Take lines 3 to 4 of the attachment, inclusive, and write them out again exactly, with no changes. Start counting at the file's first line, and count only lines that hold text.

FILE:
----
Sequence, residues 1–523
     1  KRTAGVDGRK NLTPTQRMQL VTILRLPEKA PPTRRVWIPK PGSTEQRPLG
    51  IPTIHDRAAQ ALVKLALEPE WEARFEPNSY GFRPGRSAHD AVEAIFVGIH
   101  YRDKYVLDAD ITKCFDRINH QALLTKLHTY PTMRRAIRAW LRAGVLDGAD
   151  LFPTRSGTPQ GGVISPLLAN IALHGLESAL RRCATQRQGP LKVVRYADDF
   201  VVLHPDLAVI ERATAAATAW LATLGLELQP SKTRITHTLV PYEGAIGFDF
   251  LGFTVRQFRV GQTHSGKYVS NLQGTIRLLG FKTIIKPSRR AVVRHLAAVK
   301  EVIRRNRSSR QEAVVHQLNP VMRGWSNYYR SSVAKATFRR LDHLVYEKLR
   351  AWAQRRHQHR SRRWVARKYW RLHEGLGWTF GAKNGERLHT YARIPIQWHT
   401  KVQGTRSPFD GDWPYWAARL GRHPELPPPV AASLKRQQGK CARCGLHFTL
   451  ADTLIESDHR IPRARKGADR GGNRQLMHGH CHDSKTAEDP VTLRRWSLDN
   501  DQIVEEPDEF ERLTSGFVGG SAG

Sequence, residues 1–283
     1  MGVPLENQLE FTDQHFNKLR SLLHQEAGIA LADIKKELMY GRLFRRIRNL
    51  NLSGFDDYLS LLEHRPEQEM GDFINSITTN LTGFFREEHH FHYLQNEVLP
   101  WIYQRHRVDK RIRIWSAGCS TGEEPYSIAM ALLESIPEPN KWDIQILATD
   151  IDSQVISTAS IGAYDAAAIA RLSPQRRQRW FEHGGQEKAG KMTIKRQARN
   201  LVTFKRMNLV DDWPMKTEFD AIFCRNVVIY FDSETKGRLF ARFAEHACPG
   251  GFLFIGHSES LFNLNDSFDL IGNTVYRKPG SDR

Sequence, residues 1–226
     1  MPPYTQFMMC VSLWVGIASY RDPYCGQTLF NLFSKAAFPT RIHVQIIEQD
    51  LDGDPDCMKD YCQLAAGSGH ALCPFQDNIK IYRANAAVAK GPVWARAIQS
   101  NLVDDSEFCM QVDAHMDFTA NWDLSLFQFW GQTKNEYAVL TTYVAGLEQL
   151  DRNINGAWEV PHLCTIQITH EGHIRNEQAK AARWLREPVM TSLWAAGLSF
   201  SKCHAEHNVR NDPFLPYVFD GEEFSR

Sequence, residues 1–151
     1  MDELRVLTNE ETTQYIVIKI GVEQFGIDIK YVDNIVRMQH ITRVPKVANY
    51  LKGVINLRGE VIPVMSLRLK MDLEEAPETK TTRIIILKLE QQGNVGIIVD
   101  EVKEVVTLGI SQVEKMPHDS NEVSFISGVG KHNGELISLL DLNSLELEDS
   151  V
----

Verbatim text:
    51  IPTIHDRAAQ ALVKLALEPE WEARFEPNSY GFRPGRSAHD AVEAIFVGIH
   101  YRDKYVLDAD ITKCFDRINH QALLTKLHTY PTMRRAIRAW LRAGVLDGAD